C. Delores Tucker: Social Activist and

C. Delores Tucker. Public Domain

Overview

Cynthia Delores Tucker was a civil rights activist, politician and advocate for African-American women. Best known for her participation in theand later for taking a strongly condemning misogynistic and violent rap lyrics, Tucker advocated for the rights of women and minority groups in the United States.

Accomplishments

1968: Appointed chair of Pennsylvania Black Democratic Committee

1971: First woman and first African-American secretary of state in Pennsylvania.

1975: First African-American woman to be elected as vice president of the Pennsylvania Democratic Party

1976: First African-American to be appointed as president of the National Federation of Democratic Women

1984: Elected as chair of the Democratic Party’s National Black Caucus; Co-founder and chair of the National Congress of Black Women

1991: Established and served as president of the Bethune-DuBois Institute, Inc

The Life and Career of C. Delores Tucker

Tucker was born Cynthia Delores Nottage on October 4, 1927 in Philadelphia. Her father, the Reverend Whitfield Notttage was an immigrant from the Bahamas and her mother, Captilda was a devout Christian and feminist.  Tucker was the tenth of thirteen children.

After graduating from Philadelphia High School for Girls, Tucker attended Temple University, majoring in finance and real estate. Following her graduation, Tucker attended the University of Pennsylvania’s Wharton School of Business.

In 1951, Tucker married William “Bill” Tucker. The couple worked in real estate and insurance sales together.

Tucker was involved in local NAACP efforts and other civil rights organizations throughout her life. During the 1960s Tucker was appointed as an officer of a local office of the national civil rights organization.

Working with activist Cecil Moore, Tucker fought to end racist employment practices in Philadelphia’s post office and construction departments. Most notably, in 1965 Tucker organized a delegation from Philadelphia to participate in the Selma to Montgomery march with Dr. Martin Luther King, Jr.

As a result of Tucker’s work as a social activist, by 1968, she was appointed as chair of the Pennsylvania Black Democratic Committee. In 1971, Tucker became the first African-American woman to be appointed as Pennsylvania’s secretary of state. In this position, Tucker established the first Commission on the Status of Women.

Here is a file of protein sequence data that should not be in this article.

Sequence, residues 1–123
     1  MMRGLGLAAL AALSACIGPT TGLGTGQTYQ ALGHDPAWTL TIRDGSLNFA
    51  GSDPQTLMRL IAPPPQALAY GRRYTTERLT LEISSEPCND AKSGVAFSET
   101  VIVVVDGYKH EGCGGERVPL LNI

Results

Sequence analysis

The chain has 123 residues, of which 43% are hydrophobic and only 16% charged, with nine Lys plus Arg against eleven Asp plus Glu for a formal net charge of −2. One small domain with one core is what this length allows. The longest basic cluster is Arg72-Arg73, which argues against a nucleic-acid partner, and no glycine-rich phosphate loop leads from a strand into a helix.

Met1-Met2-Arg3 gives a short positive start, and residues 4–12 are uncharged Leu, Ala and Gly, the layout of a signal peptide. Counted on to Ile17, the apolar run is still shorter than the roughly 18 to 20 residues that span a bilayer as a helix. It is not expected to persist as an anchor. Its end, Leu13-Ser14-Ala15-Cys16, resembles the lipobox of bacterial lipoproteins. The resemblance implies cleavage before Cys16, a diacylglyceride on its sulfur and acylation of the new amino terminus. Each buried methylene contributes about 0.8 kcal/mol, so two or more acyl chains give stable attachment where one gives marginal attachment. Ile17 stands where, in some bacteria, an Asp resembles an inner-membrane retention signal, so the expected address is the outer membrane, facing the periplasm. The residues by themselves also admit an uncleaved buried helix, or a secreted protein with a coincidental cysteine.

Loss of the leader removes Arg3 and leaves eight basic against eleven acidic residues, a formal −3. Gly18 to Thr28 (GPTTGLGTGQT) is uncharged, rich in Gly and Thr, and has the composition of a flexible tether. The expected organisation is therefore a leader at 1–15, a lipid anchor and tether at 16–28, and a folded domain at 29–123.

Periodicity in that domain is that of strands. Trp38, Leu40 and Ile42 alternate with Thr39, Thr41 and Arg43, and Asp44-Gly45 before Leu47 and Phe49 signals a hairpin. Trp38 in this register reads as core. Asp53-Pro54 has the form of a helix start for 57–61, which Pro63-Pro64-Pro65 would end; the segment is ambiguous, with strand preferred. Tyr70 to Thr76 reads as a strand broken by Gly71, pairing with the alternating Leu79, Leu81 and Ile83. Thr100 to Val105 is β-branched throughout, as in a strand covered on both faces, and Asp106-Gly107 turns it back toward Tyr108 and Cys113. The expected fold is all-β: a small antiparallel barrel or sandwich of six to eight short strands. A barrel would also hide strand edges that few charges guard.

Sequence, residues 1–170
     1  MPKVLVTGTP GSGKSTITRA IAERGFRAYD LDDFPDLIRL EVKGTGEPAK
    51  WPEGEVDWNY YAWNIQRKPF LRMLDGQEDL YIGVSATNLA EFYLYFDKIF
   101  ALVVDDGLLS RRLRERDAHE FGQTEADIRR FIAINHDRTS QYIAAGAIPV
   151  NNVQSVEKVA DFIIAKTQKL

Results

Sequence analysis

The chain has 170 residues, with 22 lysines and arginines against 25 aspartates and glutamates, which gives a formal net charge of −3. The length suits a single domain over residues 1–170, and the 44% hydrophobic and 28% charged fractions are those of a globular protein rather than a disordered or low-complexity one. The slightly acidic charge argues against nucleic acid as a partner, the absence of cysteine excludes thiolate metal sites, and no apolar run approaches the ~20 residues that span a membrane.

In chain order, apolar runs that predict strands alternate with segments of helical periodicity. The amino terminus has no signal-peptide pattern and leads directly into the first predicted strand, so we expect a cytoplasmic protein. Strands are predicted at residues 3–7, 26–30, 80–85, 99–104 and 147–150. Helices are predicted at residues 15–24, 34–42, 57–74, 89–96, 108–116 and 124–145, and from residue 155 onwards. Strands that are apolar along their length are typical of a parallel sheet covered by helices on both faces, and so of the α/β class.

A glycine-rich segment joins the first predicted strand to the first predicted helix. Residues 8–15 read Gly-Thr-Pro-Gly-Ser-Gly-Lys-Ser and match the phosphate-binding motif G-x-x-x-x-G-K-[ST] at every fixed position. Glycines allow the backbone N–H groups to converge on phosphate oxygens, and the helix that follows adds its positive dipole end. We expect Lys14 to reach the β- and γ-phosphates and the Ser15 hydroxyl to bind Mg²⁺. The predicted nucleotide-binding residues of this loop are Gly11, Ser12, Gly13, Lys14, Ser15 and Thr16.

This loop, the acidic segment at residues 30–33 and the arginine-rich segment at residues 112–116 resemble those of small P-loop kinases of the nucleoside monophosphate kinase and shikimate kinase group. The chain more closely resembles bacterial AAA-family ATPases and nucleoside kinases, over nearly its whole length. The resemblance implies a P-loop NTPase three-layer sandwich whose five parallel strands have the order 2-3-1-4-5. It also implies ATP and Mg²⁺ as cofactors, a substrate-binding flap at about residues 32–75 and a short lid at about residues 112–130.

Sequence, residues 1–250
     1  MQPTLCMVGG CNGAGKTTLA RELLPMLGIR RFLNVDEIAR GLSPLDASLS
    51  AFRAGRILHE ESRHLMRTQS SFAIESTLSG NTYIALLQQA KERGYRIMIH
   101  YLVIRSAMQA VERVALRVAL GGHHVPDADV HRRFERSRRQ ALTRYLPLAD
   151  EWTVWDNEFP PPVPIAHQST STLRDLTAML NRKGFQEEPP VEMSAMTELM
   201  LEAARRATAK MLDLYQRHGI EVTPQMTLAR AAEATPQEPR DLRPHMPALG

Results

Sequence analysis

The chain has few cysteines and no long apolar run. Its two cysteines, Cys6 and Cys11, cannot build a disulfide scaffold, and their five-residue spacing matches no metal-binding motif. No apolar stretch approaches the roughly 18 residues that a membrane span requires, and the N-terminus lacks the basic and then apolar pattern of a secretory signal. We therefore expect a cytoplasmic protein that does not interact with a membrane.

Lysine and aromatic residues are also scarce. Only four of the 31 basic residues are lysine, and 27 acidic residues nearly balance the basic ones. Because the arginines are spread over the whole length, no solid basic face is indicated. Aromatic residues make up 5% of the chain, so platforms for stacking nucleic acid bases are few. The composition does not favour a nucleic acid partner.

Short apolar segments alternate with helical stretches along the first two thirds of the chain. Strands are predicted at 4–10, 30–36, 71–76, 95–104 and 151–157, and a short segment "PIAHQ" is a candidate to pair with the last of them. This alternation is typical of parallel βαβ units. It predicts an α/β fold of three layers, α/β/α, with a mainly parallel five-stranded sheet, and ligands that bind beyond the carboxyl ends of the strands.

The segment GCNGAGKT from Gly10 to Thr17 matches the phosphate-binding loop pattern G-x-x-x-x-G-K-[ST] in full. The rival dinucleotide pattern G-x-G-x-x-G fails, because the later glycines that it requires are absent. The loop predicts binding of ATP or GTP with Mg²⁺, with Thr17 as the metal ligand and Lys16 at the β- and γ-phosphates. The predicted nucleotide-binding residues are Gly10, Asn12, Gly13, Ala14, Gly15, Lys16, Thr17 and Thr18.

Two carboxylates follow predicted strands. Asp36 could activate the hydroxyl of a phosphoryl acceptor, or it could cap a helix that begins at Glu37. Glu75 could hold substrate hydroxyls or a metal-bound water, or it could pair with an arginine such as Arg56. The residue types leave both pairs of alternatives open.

Four years later, Tucker was appointed as the vice president of the Pennsylvania Democratic Party. She was the first African-American woman to hold this position. And in 1976, Tucker became the first black president of the National Federation of Democratic Women.

By 1984, Tucker was elected as chair of the Democratic Party’s National Black Caucus.

That same year, Tucker returned to her roots as a social activist to work with Shirley Chisolm. Together, the women established the National Congress of Black Women.

By 1991, Tucker founded the Bethune-DuBois Institute, Inc. The purpose was to help African-American children develop their cultural awareness through educational programs and scholarships.

In addition to establishing organizations to help African-American woman and child, Tucker launched a campaign against rap artists whose lyrics promoted violence and misogyny. Working with conservative politician Bill Bennett, Tucker lobbied companies such as Time Warner Inc. for providing financial support to companies who profited from rap music.

Death

Tucker died on October 12, 2005 after a long illness. 

Quotes

“Never again will black women be disregarded. We will have our share and parity in American politics.”

 “She was left out of history and betrayed then and now on the eve of the 21st Century, and they are tying to leave her out of history and betray her again.”